Now, coming back to the linked list that contains a loop. Suppose the start of the loop is m
(e.g. m
=3) nodes from the start of the linked list. Both S
and F
start at the beginning of the linked list [Figure1].
By the time S
gets to node m
(i.e. start of loop), F
will be at node 2m
[Figure2]. This means that S
will be at the start of the loop and F
will be m
nodes into the loop.
Based on the discussion above, we already know that if S
begins from the start of the loop and F
starts from node m
, they will meet m
nodes from the end of the loop (i.e. the orangenode in [Figure3]).
At this point, keep the pointer F
at the orangenode where the two pointers met (i.e. m
nodes from the start of the loop), and move the pointer S
to the beginning of the linked list [Figure4]. Now, if we increment both S
and F
one node at a time, it is obvious that they will meet at ‘Nodem’ (rednode) of the list, which is the start of the loop.
{% img center /images/circularloopfigure4.jpg Figure4 %}
For the curious, here’s the Java code snippets for detecting a loop in a linked list and finding the starting node:
/**
* Checks if the given linked list is a circular linked list (i.e. it
* contains a loop). This means a list in which a node's next pointer points
* to an earlier node, so as to make a loop in the linked list. For
* instance:
* A > B > C > D > E > C
*
* @param linkedList
* the linked list to be tested
* @return true if there is a loop, false if there isn't
*/
public static boolean hasLoop(LinkedList linkedList) {
if (linkedList == null  linkedList.getHead() == null) {
return false;
}
IntegerNode slow = linkedList.getHead();
IntegerNode fast = linkedList.getHead();
while (true) {
slow = slow.getNext();
if (fast.getNext() != null) {
fast = fast.getNext().getNext();
} else {
return false;
}
if (slow == null  fast == null) {
return false;
}
if (slow == fast) {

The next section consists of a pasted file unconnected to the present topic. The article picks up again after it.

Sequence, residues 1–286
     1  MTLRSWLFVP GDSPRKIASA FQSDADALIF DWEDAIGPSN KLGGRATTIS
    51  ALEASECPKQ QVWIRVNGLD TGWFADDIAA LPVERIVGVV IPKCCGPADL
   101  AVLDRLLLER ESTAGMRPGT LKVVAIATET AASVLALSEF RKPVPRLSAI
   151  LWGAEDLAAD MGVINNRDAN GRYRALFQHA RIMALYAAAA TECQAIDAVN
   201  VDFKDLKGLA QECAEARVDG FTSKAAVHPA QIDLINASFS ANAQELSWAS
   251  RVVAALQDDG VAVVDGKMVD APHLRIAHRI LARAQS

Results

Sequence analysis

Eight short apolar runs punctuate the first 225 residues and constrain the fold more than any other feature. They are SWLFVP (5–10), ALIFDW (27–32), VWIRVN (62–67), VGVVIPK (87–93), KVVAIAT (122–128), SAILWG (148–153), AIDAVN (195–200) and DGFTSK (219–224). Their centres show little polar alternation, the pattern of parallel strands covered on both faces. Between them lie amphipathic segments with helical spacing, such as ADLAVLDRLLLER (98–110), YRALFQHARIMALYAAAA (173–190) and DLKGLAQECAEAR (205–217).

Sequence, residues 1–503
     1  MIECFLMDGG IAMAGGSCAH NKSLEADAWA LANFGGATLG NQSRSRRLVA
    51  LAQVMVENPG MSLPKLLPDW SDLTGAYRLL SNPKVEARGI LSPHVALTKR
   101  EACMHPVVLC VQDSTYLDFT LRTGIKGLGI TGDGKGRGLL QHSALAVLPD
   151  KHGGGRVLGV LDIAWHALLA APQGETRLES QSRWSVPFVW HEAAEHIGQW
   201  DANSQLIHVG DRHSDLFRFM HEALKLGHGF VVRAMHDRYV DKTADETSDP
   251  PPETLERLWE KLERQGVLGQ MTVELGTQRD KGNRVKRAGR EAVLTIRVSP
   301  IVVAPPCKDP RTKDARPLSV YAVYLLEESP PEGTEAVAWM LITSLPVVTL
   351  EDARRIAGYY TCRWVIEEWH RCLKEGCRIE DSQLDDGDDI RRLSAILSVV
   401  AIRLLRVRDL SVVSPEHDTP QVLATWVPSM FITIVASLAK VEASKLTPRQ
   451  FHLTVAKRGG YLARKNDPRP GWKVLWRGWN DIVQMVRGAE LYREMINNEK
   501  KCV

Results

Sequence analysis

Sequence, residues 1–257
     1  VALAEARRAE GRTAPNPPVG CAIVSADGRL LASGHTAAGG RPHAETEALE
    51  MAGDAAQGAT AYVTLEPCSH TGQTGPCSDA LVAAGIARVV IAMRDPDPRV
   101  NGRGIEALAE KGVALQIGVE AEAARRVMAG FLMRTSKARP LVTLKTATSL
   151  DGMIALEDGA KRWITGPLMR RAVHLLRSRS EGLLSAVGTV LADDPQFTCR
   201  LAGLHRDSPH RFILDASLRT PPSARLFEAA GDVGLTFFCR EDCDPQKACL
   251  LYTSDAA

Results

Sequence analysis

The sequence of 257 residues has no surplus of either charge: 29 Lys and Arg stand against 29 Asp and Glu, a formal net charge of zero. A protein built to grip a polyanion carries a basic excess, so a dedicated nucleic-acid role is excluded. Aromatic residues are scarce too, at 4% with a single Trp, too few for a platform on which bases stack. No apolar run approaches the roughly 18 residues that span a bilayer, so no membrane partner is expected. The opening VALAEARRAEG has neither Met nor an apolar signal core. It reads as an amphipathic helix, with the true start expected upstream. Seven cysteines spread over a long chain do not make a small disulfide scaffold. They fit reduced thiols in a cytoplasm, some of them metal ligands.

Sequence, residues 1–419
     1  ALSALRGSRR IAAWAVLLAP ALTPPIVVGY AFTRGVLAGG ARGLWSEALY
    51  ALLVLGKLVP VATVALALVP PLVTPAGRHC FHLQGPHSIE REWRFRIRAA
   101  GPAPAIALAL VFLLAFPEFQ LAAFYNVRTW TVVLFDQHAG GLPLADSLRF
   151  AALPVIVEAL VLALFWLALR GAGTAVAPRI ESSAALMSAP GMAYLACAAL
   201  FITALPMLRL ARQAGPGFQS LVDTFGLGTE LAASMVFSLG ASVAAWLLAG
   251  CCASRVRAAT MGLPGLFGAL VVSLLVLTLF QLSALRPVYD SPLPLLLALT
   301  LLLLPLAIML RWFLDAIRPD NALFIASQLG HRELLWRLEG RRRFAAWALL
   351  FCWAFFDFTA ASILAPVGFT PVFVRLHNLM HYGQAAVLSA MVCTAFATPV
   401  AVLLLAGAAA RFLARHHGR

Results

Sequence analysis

return true;
}
}
}
/**
* Returns the node at the start of a loop in the given circular linked
* list. A circular list is one in which a node's next pointer points
* to an earlier node, so as to make a loop in the linked list. For
* instance:
*
* input: A > B > C > D > E > C [the same C as earlier]
* output: C
*
* @param linkedList
* list to be tested
* @return the node at the start of the loop if there is a loop, null
* otherwise
*/
public static IntegerNode findLoopStart(LinkedList linkedList) {
if (linkedList == null  linkedList.getHead() == null) {
return null;
}
IntegerNode loopStartNode = null;
IntegerNode slow = linkedList.getHead();
IntegerNode fast = linkedList.getHead();
while (slow != null && fast != null) {
slow = slow.getNext();
if (fast.getNext() == null) {
loopStartNode = null;
break;
}
fast = fast.getNext().getNext();
// If slow and fast point to the same node, it means that the
// linkedList contains a loop.
if (slow == fast) {
slow = linkedList.getHead();
while (slow != fast) {
// Keep incrementing the two pointers until they both
// meet again. When this happens, both the pointers will
// point to the beginning of the loop
slow = slow.getNext(); // Can't be null, as we have a loop
fast = fast.getNext(); // Can't be null, as we have a loop
}
loopStartNode = slow;
break;
}
}
return loopStartNode;
}